By Raanan Geberer
Brooklyn Daily Eagle
This newspaper has been faithfully chronicling the ins and outs of the Long Island College Hospital (LICH) and, to a lesser extent, the Interfaith Hospital controversies. Turning our attention to Manhattan, we’re sure most readers are also familiar with the St. Vincent’s Hospital conflict of several years ago.
Implicit in all these controversies, however, is the idea that a hospital is nothing but an endless money drain. There’s some truth to this—many patients are on Medicare or Medicaid. When funds are cut, the hospitals suffer. But hospitals indirectly contribute large amounts of money to the community at large, and when a hospital closes, the entire community suffers as well.
Let’s take hospital beds. Beds require linen, pillows and so on. The company that supplies linen to the hospital probably employs many people and pays a good deal of money in taxes. Without the hospital as a client, that company may have to lay off employees. It will also pay fewer taxes, thus depriving the government of much-needed tax revenue.
Let’s also take food. Every hospital has a cafeteria and also delivers food directly to patients in their rooms. Food concessionaires also hire employers, pay taxes and purchase large amounts of food from suppliers. No cafeteria, no cafeteria employees. In a normal, healthy economy, these employees would find new jobs in a few weeks. But we’re not living in a healthy economy.
Same thing for the various coffee shops, restaurants and bars around a hospital. Many of these places mainly cater to hospital employees and visitors. If there’s suddenly no hospital, then half of these places may very well close. Their former employees will then spend less money at the supermarket and other local stores, sending negative waves through the local economy.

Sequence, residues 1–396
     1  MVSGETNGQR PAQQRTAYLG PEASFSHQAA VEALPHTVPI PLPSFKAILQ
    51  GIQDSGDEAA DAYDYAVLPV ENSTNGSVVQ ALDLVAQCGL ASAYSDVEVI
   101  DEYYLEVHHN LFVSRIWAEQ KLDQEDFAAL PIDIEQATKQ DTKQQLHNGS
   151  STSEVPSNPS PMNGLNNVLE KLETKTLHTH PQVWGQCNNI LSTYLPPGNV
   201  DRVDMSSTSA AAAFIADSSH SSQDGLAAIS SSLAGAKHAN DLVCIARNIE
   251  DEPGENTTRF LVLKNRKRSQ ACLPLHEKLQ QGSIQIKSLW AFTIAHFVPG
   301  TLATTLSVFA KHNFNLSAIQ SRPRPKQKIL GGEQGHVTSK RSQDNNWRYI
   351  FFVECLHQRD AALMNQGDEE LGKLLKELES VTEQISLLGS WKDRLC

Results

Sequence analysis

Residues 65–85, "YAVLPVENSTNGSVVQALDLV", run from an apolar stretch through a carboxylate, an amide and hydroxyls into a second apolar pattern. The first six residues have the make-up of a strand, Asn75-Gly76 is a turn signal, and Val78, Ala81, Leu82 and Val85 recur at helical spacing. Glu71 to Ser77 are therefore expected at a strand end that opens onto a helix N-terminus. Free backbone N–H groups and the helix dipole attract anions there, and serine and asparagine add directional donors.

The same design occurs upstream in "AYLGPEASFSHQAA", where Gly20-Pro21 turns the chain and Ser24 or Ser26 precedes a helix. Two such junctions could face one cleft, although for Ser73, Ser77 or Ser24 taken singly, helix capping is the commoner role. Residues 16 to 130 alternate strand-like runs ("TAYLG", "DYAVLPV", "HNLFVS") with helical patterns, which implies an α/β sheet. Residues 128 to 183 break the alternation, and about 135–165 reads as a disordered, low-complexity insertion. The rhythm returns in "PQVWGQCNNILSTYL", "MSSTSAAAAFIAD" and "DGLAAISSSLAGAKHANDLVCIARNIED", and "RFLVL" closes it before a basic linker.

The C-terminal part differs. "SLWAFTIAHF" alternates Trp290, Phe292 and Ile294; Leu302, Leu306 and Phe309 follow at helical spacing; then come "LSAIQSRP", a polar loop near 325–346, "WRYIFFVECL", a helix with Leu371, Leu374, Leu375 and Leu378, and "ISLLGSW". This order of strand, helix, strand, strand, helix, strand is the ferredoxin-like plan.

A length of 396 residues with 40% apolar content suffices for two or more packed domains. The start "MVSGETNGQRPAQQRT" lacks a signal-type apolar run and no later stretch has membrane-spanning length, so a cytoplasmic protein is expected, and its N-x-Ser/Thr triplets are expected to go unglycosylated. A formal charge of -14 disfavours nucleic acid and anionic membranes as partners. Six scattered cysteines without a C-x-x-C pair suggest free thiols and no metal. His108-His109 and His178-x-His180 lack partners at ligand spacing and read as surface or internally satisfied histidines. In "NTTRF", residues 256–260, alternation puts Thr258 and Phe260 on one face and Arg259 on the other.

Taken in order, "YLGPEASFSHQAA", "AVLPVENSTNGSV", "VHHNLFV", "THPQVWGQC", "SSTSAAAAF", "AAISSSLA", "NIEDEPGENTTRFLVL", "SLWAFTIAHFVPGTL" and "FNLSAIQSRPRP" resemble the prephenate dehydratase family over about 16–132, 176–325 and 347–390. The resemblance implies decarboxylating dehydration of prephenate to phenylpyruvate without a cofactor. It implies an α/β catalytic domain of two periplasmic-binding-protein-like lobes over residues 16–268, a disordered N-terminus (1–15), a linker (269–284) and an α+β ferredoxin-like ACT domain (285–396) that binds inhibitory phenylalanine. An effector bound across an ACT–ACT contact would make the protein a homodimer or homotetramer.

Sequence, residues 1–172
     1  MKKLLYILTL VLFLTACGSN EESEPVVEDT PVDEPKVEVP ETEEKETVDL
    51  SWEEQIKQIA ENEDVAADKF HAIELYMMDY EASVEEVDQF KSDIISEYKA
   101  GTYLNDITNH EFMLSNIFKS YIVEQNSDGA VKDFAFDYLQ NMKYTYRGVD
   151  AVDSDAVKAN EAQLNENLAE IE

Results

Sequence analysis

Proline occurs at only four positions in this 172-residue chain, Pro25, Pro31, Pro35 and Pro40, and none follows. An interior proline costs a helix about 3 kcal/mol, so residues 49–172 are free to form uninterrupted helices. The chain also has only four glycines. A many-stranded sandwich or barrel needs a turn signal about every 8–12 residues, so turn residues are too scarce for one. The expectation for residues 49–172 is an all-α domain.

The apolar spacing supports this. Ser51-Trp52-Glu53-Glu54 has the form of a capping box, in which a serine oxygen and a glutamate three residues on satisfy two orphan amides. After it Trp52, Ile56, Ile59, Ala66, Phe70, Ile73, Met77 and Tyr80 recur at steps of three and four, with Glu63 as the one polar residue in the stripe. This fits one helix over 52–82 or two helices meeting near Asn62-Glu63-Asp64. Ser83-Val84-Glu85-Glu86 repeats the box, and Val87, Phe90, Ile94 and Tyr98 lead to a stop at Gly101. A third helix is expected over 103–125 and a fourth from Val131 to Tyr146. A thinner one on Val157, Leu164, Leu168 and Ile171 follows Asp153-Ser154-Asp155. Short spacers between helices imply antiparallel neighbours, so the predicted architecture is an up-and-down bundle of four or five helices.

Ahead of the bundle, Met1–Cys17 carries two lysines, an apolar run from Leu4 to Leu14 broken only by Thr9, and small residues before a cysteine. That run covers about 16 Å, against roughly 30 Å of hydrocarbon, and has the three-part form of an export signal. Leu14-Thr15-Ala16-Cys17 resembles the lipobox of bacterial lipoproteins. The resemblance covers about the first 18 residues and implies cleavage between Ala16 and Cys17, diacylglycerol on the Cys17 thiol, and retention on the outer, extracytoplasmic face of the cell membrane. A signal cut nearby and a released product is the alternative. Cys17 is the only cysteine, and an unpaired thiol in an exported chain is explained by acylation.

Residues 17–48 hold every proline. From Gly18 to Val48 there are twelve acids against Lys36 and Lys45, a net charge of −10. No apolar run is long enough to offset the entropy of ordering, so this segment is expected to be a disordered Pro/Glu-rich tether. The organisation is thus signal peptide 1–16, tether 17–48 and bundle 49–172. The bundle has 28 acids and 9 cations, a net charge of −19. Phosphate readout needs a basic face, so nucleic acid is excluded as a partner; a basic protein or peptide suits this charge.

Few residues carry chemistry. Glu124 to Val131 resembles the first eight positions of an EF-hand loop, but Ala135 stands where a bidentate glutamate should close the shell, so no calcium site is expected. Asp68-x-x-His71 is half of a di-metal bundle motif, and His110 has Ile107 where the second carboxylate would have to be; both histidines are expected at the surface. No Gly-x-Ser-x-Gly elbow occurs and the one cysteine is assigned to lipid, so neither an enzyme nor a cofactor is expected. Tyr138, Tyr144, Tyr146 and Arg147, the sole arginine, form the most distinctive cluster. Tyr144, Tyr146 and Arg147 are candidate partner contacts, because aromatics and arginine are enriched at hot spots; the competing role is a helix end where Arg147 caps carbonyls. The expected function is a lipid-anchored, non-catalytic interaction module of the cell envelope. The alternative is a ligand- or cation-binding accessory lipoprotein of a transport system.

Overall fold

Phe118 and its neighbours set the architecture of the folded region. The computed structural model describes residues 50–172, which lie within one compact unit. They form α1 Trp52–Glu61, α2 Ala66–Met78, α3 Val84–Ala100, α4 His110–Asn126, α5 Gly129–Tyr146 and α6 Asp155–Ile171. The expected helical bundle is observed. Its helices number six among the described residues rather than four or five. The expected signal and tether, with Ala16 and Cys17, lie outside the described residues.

Transportation? Private car services near hospitals also rely on hospital visitors for much of their trade. If there’s no hospital, there will be fewer trips. Ultimately, fewer cars will be needed.
In macroeconomics, all of this is known, appropriately, as the “ripple effect.” This effect is worse when a hospital is the major employer in a neighborhood, as Long Island College Hospital probably is in Cobble Hill. As bad as the closing of St. Vincent’s Hospital was, the total economy of Greenwich Village wasn’t impacted that much because the West Village is jumping with hundreds of bars, clubs and souvenir shops. Closing LICH and Interfaith would hurt the areas surrounding these institutions much more.
The presence of a hospital can even cut down on crime. No one wants to mug a passer-by or sell drugs across the street from a hospital because people are constantly coming and going. But once a hospital closes and all you have are some big, empty buildings, the criminal element could see this as a green light to move in.
To sum up, hospitals aren’t just annoying, although necessary, institutions that cost millions of dollars. They generate lots of money into the local economy through purchases, services for visitors, businesses that cater to employees and much more. They also keep the neighborhood safer. Hospitals don’t just generate physical health – they generate economic health, as well.